Aesthetic Laundry is an independent womenswear brand in East London, designing and producing casual clothing in house. Launched in 2014, founder Heidi May ran the business on her own up until mid 2019, when she expanded and the team is now four passionate women. Most recently Aesthetic Laundry has launched a Zero Waste Fabric Project, producing a range of tassel jumpers for babies and toddlers from waste material which would otherwise go into landfill. 

G: What problem did you set out to fix in this world? 

H: Years of working in fashion has allowed me to witness first hand the negative connotations that are associated with this industry. All I could think about was doing something I loved, that mattered and made a good impact on both peoples lives and our planet. Aesthetic Laundry is my passion to design wearable, creative pieces of clothing that people fall in love with and treasure. 

G: How did you find your ‘Why” and What did inspire you to do this? 

H: As someone who suffered from a young age with body insecurities, fashion has played an important part in helping me feel good about the way I look. I knew early on that I wanted to design clothes that would encourage people to feel confident, but I was in for a shock when I began working in the industry! The two biggest alarm bells was this focus on skinny beautiful women alongside the throw away attitude through fast fashion. In a time where mental health and the impact of climate change are discussed so vehemently, I could not believe that these two areas of the industry just aren’t really being addressed. For this reason I realised if I was going to make a difference, even if it was a small difference, I needed to break out and do it on my own.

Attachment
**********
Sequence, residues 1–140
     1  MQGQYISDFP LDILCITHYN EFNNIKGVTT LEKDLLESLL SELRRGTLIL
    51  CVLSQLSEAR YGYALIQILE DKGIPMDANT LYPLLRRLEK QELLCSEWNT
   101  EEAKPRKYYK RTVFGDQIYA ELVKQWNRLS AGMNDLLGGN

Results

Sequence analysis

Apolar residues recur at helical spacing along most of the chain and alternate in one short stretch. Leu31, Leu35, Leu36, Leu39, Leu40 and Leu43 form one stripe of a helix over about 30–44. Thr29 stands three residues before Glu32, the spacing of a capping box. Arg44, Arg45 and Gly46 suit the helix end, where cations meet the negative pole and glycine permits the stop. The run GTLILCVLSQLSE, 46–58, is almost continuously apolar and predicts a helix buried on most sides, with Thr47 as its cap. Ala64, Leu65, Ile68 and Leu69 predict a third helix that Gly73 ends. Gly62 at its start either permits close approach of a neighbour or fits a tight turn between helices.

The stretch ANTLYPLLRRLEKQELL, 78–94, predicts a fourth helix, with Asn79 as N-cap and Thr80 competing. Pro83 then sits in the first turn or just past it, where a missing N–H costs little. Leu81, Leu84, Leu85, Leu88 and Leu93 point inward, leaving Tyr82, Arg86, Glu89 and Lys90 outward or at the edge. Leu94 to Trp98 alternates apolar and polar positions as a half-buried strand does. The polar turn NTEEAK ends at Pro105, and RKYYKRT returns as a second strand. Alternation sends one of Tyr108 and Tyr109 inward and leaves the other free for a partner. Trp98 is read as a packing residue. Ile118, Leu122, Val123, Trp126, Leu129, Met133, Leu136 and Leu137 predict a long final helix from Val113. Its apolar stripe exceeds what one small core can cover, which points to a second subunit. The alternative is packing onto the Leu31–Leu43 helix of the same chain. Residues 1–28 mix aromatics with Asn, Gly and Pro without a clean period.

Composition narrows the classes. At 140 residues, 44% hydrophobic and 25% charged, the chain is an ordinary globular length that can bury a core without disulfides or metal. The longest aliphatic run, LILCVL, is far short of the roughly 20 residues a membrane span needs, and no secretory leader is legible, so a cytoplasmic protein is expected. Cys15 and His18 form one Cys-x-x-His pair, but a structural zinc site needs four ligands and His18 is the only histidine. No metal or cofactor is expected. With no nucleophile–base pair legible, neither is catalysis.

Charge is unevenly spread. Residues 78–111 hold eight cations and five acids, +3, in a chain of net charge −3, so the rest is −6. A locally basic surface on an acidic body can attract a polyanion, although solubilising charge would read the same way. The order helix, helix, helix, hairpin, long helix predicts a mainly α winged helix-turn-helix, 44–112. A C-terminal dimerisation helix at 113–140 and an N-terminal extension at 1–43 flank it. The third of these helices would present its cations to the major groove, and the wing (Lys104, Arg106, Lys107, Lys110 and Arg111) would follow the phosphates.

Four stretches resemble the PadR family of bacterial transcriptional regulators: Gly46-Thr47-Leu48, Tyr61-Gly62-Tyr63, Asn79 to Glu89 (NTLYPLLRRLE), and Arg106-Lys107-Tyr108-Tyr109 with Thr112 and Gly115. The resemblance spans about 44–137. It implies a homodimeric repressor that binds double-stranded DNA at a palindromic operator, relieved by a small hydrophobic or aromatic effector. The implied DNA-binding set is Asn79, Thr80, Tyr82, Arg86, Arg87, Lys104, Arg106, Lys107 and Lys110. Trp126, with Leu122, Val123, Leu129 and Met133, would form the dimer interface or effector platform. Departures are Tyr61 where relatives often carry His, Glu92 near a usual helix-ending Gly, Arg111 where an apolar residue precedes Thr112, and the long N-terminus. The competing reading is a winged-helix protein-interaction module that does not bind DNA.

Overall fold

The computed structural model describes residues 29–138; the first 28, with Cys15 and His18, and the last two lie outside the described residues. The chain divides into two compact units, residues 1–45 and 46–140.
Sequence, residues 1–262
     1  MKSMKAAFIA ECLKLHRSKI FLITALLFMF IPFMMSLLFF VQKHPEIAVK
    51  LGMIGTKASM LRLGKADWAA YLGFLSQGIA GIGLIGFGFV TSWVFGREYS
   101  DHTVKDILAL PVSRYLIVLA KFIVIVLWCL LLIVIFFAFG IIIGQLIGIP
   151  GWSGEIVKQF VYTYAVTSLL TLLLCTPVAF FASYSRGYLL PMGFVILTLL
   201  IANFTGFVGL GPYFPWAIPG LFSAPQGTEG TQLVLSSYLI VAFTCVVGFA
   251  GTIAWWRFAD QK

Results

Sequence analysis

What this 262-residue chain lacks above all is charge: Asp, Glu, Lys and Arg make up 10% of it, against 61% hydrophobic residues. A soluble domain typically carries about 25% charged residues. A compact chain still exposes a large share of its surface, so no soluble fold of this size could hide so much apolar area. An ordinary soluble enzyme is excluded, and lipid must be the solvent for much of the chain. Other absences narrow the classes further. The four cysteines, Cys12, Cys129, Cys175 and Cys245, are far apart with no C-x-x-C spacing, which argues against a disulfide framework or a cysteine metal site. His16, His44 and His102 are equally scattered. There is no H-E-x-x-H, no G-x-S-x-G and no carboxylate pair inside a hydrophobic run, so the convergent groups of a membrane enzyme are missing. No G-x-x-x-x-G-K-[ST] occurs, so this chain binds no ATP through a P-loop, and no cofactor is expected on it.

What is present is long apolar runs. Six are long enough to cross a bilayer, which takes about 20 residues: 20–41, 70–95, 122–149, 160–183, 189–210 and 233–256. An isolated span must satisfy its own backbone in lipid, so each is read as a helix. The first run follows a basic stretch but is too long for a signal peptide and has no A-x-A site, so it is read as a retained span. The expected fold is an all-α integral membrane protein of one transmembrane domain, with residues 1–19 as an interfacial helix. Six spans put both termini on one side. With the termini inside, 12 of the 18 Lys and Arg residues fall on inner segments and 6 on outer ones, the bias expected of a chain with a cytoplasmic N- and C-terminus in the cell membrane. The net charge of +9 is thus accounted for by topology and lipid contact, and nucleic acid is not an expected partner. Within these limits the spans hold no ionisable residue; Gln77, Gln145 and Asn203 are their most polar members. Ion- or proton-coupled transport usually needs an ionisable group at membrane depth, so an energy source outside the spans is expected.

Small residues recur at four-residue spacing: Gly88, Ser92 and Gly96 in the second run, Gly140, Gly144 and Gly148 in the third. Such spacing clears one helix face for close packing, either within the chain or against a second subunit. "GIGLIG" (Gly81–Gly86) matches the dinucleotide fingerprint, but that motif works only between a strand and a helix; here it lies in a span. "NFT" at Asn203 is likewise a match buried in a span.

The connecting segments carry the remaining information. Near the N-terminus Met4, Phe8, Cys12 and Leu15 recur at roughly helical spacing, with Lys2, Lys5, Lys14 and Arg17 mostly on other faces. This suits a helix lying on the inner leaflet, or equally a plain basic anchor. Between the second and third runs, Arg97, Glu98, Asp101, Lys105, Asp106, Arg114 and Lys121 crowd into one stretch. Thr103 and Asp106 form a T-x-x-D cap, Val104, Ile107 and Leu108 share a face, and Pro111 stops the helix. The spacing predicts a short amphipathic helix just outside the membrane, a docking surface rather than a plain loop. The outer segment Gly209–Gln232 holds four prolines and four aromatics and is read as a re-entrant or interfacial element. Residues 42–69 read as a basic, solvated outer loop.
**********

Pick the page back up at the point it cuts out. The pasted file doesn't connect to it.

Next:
G: How did you converted your passion into a business? 

H: Aesthetic Laundry was actually born as an idea during my Alternative Placement Year at university, where I worked on creating my own brand. Of course, upon graduating, I needed more experience so worked in the industry until the eve of my 29th birthday when I said to myself ‘enough is enough’. I was so miserable being a part of an industry that was so incredibly damaging that I plucked up the courage to quit. 

The back bones of the brand were there – I think it is safe to say I kept the ideas bubbling away for the entire 8 years I worked in industry – but I just needed to take the plunge. In all honesty, the business plan was limited! I was driven by passion and as I often find as a creative, my heart overrides my head. At the beginning I worked from my bedroom and every day seemed to come with a new hurdle to jump! Fast forward 5 years and I now have a team of 3 working with me from a studio and we are heading into a really exciting year of growth for 2020. It is of course every business owners dream to grow, but it is important to me that the foundations of the business always remain. I began this company to challenge industry standards and prove that what we have always known and done isn’t necessarily right.

G: How long did it take until you start making a living out of it?